Many of us wonder which foods are best for our bodies or could be contributing to symptoms that we’re having. The best way to go is directly to your body – it has all the answers you’re looking for.
An elimination diet is absolutely the best way to discover food allergies or sensitivities. It will also help detoxify your liver, help to heal your gut lining, balance your blood sugar and improve your sleep. The purpose of taking on a challenge like this is to uncover which foods are responsible for some or all of your health concerns. You can then take this information and decide how you want to adjust your diet based on your direct experience, rather than someone else’s opinion.
Common reasons people choose to limit their diet for a month include:
Frequent, unexplained headaches, backaches, aches in the neck and joints, or arthritis.Chronic respiratory problems, allergies or asthma.Food allergies, poor digestion, constipation, intestinal bloating or gas.Brittle nails and hair, psoriasis, acne and other skin eruptions .Unexplained weight gain.Poor memory, chronic insomnia, depressed mood, irritability, chronic fatigue.Environmental sensitivities, especially to odors like perfumes.The key to success in any endeavor is preparation. Taking a few days (or weeks) to plan out your meals, get rid of tempting foods in the pantry, and find recipes or substitute foods you enjoy. Then, take a realistic look at your calendar and pick 30 days where you can primarily cook at home or access foods that are on your diet plan.
Before the day to begin arrives, you will decide which foods you are eliminating. As a general rule, the most common allergens are dairy products, soy, peanuts, gluten and corn. For folks with arthritis or joint issues, eliminating the nightshade family can be helpful as well. To optimize your body’s ability to cleanse, eliminating caffeine, alcohol, processed foods and refined sugar is highly beneficial.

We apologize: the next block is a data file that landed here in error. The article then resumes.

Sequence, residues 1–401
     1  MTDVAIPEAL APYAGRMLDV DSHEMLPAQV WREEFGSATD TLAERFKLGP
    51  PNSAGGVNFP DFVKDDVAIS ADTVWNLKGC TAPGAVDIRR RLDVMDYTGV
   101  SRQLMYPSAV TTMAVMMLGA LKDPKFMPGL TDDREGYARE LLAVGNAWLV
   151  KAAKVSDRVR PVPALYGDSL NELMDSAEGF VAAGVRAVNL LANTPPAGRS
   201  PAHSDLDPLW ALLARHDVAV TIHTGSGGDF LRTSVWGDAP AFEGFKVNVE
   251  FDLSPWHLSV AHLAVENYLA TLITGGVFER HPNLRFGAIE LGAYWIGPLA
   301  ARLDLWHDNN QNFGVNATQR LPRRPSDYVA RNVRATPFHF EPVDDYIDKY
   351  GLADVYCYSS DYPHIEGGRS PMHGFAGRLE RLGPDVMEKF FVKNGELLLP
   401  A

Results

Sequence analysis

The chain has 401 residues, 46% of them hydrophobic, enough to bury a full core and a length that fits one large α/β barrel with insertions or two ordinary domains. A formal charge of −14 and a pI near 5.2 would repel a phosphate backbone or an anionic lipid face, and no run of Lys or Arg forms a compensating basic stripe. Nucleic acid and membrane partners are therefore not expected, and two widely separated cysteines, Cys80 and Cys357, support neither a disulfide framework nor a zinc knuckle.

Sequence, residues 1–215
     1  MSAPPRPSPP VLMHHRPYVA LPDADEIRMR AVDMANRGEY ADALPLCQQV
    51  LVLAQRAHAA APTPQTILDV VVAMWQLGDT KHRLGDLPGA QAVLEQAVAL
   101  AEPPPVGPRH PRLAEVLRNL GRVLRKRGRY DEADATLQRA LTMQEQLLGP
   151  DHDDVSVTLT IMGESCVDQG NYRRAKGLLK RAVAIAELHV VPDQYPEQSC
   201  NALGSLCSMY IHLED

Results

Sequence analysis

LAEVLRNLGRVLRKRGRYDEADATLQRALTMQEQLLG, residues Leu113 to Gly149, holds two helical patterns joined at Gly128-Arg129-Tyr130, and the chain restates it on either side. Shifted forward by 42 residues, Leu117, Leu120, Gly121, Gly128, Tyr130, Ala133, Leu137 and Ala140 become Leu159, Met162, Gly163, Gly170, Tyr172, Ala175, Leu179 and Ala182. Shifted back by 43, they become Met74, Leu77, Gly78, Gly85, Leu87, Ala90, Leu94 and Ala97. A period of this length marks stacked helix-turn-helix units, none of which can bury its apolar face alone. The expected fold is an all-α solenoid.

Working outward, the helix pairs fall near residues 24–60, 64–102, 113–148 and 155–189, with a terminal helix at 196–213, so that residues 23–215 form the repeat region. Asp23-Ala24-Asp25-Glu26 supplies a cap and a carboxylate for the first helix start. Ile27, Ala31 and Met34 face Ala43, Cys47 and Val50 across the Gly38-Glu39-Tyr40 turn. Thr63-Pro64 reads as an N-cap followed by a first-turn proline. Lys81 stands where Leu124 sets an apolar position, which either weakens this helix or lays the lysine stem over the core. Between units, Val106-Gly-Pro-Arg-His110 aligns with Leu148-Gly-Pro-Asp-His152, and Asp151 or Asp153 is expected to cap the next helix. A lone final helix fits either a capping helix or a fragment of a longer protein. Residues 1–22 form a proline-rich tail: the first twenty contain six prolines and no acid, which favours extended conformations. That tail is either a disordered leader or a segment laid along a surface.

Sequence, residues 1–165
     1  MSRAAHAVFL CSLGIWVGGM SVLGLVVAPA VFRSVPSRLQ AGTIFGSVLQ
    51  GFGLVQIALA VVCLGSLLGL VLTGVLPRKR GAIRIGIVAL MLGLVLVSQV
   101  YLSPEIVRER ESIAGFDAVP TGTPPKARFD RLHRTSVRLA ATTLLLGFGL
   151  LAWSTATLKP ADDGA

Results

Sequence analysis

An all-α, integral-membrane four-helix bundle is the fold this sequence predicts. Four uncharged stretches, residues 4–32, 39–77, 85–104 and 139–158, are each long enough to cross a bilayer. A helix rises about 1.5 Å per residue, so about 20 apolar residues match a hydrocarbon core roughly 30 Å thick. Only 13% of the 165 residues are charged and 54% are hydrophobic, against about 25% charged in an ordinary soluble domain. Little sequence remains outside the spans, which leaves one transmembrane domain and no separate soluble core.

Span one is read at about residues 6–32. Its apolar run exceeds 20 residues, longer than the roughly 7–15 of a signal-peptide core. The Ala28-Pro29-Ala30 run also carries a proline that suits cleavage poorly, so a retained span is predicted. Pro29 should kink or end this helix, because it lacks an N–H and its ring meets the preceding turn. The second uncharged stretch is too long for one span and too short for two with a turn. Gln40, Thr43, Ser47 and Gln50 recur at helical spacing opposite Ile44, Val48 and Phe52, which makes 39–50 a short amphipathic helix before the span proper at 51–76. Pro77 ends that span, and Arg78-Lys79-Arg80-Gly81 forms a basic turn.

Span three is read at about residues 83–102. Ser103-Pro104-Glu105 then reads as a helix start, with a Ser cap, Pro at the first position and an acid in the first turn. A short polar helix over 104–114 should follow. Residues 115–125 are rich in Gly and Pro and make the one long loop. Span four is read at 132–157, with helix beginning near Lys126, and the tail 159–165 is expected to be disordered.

During your 30 days, it is imperative that you don’t “cheat,” not even once, because then the inflammation process starts over again and you won’t have a clear picture. Once you decide to go down this path, remind yourself there is an end date. The first three to five days are always the hardest – take heart knowing that it does get easier.
It can be helpful to keep a symptom tracker – whatever you want to measure (like sleep quality, pain, bowel habits, etc.) on a scale from one to 10. Be sure to start tracking before you start and annotate where you are daily because seeing changes over time can really help keep us on track.
At the end of the 30 days, choose one eliminated food and have two or three servings of it daily for three days. If your symptoms return, stop that food immediately, wait until you feel normal then reintroduce the next food. Continue in this way until all foods have been reintroduced and you know how you feel with each. It’s so important to take things slowly during this phase of the diet because if you add in more than one thing at a time and have a reaction, you won’t know what caused it.
Most people don’t notice feeling significantly different during the 30 days – it’s when they add foods back in and symptoms return that can create the “a-ha!” moment.
In the beginning, the process may be challenging as you will be giving up many of your staple foods. Remember why you’ve decided to do this and use that intrinsic motivation to guide you on.
Nicola Dehlinger is a naturopathic doctor at Pura Vida Natural Healthcare in Durango. She can be reached at 426-1684 or www.puravidahealthcare.com.